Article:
Cloud Computing: Cloud network allows the storage and management of files on the internet. Cloud manufacturing incorporates the resources into the cloud, which the manufacturers can access or update from anywhere. By incorporating resources like Enterprise Resource Planning(ERP), the cloud manufacturing process handles everything from designing to production to maintenance.
Advanced Robotics: It allows for the automation of advanced tasks. Advanced Robotics have the advantages of enhanced plant structures and processes, increasing productivity and flexibility in the factory and supply chain.
Additive Manufacturing: Additive Manufacturing is, also called 3D printing, creating an object by building one layer at a time. It uses Computer-Aided Designing (CAD) softwares to produce the 3D models of the objects. The instruction is given to add each layer during the successive stages, in contrast to the conventional method of removing layers and carving to get the desired object. It thus allows the production of distinctive and customisable products and production units.
Digital Thread and Digital Twins: This allows the manufacturer to have a real-time visual representation of the factory floor. While the Digital Twin can represent the products current position or the production system, the digital thread can record its lifetime or the design from its creation to its elimination. Both these can bring considerable benefits to the company.
Now that we have looked into the various trends in digital manufacturing, let's also see a few benefits that digital manufacturing can offer:
Increase operational efficiency through improved processes and the automated exchange of data
Predictive maintenance avoids costly breakdowns, improves quality testing, and analyses the products in real-time with visual analytics.
Making the maximum use of workstations is beneficial for the entire production line.
Smooth delivery and movement of the materials ensure a continuous flow and eliminate backups.
Collaborative Engineering, along with digital twin, helps speedy prototyping, virtual production cell configuration and digital product modelling.
Auditing real-time assets.
Ability to customise the dynamic consumer requirements.
Quicker turnaround at all levels of the value chain
So what is the future of digital manufacturing?
Almost every sector of life is transitioning into digitalisation, and the manufacturing industry is no exception. As the competition is high for the manufacturers, they are forced to update their technologies and go digital to remain in the market without being thrown out.
Digitisation has invaded everything from marketing strategy to the factory floor in the manufacturing sector. Digital Manufacturing, along with the help of the systems like Artificial Intelligence, robotics automation etc., keeps a large amount of data in the servers and analytical tools study that data to carry out the daily activities of the company and help them to compete in the market by predicting the customer behaviour.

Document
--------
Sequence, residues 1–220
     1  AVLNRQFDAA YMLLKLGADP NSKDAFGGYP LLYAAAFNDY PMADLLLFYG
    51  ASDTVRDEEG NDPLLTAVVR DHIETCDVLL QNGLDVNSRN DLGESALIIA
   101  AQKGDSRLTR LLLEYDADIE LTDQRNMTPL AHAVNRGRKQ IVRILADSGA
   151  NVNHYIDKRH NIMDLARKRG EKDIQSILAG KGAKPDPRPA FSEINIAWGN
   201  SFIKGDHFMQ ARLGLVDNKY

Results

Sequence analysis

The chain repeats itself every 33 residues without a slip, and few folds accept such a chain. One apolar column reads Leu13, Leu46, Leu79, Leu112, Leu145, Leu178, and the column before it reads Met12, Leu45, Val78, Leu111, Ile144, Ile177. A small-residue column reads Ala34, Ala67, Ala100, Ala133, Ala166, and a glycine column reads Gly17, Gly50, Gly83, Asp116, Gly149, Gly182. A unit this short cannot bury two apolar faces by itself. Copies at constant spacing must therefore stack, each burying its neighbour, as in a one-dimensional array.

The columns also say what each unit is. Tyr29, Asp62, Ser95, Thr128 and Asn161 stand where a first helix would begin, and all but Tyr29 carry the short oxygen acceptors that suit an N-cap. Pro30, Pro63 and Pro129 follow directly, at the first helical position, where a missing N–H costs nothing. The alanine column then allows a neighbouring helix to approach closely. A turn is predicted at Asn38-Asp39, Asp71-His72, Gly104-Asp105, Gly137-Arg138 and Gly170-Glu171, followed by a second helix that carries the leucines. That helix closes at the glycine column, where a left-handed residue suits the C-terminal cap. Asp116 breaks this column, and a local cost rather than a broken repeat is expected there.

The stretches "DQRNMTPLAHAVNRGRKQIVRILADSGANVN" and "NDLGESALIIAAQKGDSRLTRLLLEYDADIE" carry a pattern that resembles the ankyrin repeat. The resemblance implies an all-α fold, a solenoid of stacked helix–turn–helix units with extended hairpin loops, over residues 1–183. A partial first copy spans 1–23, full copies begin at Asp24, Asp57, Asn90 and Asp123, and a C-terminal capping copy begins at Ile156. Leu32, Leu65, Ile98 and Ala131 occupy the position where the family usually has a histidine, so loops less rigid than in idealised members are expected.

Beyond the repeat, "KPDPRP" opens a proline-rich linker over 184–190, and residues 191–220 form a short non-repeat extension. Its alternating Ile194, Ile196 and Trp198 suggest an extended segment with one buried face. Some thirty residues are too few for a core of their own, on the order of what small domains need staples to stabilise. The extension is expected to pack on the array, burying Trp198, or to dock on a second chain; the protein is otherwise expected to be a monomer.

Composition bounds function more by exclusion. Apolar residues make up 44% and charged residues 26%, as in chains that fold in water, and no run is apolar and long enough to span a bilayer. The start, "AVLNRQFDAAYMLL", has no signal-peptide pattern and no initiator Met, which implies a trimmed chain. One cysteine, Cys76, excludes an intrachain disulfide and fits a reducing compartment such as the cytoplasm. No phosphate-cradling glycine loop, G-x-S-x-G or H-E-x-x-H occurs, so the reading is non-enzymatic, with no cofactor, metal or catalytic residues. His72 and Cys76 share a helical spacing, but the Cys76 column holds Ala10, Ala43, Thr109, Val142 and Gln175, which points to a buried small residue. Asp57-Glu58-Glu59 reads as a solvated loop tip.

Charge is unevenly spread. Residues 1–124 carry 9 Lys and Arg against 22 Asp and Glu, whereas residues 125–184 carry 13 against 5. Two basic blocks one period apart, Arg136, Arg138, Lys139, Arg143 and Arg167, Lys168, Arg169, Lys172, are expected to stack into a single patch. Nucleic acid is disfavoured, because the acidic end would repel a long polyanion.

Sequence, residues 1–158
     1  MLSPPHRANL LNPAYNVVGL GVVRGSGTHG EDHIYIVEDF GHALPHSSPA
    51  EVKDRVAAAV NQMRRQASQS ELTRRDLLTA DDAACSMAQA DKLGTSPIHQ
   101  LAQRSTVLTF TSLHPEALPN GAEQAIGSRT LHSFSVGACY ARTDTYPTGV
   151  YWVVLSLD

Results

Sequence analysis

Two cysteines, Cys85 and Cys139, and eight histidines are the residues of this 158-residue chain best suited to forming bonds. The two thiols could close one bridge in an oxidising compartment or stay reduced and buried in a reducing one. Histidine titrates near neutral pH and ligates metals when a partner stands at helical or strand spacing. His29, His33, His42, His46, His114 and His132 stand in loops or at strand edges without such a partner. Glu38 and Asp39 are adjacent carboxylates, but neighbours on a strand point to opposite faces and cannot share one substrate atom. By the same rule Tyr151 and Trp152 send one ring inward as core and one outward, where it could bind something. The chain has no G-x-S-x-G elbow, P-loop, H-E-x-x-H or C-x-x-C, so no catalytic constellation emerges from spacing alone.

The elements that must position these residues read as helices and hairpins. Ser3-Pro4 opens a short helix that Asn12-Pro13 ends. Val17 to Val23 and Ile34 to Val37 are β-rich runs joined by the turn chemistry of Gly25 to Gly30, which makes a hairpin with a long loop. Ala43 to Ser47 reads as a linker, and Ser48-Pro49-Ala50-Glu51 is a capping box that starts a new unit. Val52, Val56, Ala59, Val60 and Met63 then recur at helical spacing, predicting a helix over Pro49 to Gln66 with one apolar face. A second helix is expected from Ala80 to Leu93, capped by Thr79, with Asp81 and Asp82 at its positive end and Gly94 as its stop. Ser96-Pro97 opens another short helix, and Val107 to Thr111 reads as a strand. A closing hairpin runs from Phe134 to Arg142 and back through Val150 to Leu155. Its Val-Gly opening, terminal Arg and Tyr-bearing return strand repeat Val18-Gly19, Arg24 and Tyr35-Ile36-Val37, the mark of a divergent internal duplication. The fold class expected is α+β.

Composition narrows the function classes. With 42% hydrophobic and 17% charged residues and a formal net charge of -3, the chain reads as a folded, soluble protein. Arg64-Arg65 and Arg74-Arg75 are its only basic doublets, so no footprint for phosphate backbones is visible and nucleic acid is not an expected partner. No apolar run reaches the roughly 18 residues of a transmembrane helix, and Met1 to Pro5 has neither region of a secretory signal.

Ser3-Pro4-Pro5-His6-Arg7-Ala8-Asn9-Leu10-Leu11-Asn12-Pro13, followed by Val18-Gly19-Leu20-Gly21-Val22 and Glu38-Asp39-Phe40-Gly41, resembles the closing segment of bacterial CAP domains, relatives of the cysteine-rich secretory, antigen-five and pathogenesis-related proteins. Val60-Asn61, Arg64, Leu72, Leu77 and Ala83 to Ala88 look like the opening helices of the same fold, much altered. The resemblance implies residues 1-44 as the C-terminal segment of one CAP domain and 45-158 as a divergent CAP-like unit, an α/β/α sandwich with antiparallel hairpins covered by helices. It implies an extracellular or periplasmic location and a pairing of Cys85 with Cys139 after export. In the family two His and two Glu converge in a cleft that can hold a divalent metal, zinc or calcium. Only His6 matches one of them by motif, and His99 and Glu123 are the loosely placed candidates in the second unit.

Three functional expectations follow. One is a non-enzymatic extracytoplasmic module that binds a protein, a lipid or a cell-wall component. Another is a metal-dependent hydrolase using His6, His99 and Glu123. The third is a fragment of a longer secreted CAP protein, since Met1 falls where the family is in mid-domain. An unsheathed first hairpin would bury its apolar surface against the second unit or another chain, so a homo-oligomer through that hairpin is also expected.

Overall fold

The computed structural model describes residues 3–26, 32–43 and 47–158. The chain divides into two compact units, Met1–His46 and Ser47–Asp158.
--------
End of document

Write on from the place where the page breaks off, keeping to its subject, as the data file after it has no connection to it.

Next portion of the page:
Wiser are those who invest in digital capabilities today, and they will be able to add value to productivity improvements in the future.
Industrial Digital Technologies(IDT) will remain the key players in the manufacturing sector. Standard technologies like the Internet of Things, Robotics and Artificial Intelligence enable the manufacturing industry to carry out its vision of digital manufacturing. Though it can be doubtful as to the reduction in employment opportunities, studies also suggest that there will be a surge in the specialist roles that are needed in the implementation of these digital manufacturing technologies.
Though most companies have adopted and moved into the digital era, some companies still lack in the adoption of these technologies.
Digital Manufacturing in Industry 4.0
Industry 4.0 has integrated individual technologies into integrated systems and has connected and centralised the production system. It has helped incorporate the emerging technological improvement to deal with the global challenges created by digitalisation and the virtual technologies driven by real-time data interchange and flexible manufacturing, enabling customised production.
Digital manufacturing technology will be able to transform all these aspects of manufacturing into value chains, from the algorithms to address the supply chain logistics to the comprehensive visualisation of the product design, digital marketing, quality control and many aspects of manufacturing.
In short, the combined and integrated use and the possibility of the real-time application adds scope for future applications. However, not new technologies, combination, integration, improvement and joint use open up new challenges and opportunities. The technologies can affect the operational and organisational strategies to mould the future of the manufacturing sector.
Digital factories are the call of the hour.